Such terminology is closely tied to the peculiarities of the legal system of a particular country, and there is therefore no straightforward way of translating a term like this into the language of a country with a different legal system. If one is speaking to an audience whose country happens to have something very similar in its legal system, one may use the term that is used for it in that country as the translation. That will, however, rarely be the case.
If the audience is from a country whose legal system does not have anything sufficiently similar, then one has to determine how important the precise legal status of the officers in question is to the point of the communication. If it isn't, one may use some term that is not exactly accurate (e.g. police officer in this case), as long as the inaccuracies do not interfere with the point one is trying to convey. On the other hand, if the point hinges on the precise legal status of these officers, then the only solution is to explain it, by saying something like 'In our country, we have a class of law-enforcement officers who have powers A, B, and C, but not D, E, and F. They are appointed by X, and supervised by Y. In our language, they are called . . . , which literally means . . . '.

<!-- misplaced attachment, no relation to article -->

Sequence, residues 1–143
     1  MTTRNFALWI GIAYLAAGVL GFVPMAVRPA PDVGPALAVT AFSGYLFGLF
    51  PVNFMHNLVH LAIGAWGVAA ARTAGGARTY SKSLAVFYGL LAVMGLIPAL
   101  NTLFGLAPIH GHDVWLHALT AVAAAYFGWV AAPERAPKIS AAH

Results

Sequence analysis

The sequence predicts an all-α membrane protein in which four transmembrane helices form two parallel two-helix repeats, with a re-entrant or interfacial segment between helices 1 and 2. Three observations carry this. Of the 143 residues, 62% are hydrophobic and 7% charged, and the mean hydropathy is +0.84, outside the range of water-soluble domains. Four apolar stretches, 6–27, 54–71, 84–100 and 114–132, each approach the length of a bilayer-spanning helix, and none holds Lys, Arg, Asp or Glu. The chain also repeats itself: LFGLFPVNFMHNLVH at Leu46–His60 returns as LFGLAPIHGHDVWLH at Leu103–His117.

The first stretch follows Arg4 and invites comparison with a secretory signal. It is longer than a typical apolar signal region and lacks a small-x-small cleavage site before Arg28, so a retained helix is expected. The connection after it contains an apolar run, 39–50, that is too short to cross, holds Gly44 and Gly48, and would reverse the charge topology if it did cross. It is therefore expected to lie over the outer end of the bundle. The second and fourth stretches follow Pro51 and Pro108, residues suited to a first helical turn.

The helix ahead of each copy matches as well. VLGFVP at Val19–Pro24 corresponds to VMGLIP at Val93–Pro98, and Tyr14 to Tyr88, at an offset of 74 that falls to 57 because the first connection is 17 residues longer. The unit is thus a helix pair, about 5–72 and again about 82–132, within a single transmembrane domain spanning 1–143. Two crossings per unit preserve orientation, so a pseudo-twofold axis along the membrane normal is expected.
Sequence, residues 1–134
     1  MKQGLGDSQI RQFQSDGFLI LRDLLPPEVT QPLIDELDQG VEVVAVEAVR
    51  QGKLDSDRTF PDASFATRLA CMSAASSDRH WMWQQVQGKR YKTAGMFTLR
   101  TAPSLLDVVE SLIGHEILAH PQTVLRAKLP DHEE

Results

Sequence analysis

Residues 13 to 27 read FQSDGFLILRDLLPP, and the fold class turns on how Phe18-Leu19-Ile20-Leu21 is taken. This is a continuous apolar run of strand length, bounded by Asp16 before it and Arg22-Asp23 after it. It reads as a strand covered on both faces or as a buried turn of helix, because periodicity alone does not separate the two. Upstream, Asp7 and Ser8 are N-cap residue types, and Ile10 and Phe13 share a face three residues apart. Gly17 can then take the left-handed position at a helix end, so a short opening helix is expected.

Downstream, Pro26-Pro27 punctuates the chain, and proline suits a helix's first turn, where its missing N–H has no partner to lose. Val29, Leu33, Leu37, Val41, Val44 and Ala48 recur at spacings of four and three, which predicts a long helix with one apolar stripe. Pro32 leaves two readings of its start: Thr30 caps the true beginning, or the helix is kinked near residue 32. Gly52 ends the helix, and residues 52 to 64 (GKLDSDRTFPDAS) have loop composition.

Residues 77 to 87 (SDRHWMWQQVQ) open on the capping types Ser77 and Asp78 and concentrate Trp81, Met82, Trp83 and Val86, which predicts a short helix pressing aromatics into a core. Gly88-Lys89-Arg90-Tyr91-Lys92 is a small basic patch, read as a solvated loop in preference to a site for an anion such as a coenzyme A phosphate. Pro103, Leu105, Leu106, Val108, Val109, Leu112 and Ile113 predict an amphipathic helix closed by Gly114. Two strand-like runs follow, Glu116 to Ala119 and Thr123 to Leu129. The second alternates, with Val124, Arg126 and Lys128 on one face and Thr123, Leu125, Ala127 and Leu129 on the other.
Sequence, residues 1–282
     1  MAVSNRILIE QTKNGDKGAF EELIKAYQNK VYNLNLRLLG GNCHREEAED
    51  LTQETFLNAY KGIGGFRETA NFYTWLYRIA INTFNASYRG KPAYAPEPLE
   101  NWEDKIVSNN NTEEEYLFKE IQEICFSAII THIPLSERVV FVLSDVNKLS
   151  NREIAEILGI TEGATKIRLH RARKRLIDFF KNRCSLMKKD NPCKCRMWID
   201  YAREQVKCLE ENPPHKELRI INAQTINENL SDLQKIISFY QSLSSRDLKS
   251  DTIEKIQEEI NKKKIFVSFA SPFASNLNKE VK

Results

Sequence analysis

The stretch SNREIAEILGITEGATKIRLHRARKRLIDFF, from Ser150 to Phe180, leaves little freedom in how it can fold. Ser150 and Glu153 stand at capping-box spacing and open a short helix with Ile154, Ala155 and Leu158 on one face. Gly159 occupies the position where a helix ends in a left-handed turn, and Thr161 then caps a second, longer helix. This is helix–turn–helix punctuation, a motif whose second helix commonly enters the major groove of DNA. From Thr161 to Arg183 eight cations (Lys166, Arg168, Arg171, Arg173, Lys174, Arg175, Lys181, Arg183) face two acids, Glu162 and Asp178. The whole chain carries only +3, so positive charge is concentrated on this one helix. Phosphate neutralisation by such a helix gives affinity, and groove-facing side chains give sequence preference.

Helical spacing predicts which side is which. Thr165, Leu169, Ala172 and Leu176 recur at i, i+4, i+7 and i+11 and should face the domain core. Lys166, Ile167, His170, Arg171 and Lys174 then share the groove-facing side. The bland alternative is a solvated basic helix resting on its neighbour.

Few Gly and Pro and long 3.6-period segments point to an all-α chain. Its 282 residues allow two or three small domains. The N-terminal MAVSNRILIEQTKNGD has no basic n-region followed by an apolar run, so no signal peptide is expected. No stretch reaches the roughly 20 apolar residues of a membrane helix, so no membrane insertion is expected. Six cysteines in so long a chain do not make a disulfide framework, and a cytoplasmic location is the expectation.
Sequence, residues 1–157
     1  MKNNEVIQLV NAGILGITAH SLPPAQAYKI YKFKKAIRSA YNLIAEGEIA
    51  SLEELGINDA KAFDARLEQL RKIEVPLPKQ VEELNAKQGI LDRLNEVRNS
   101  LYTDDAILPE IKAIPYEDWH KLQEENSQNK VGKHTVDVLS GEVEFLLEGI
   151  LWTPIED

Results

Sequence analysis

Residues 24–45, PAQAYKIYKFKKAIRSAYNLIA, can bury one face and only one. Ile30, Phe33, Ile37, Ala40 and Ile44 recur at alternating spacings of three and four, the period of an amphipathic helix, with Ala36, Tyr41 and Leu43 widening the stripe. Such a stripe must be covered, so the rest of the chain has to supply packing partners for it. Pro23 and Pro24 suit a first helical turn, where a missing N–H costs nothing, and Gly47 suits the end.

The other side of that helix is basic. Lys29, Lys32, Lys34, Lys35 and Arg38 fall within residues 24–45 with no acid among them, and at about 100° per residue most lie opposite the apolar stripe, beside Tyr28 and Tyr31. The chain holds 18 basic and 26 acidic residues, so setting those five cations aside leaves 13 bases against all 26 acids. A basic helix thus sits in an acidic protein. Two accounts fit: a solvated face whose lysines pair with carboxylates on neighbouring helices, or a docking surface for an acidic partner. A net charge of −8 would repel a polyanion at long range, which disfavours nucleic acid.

It should be noted that the problem here is not, strictly speaking, a translation problem. It is not due to the fact that Polish and English are different languages, but to the fact that Poland is a different country from the country of the audience. Problems of the same kind arise when one is speaking of matters related to, say, Australian law to a U.S. audience, or the other way round.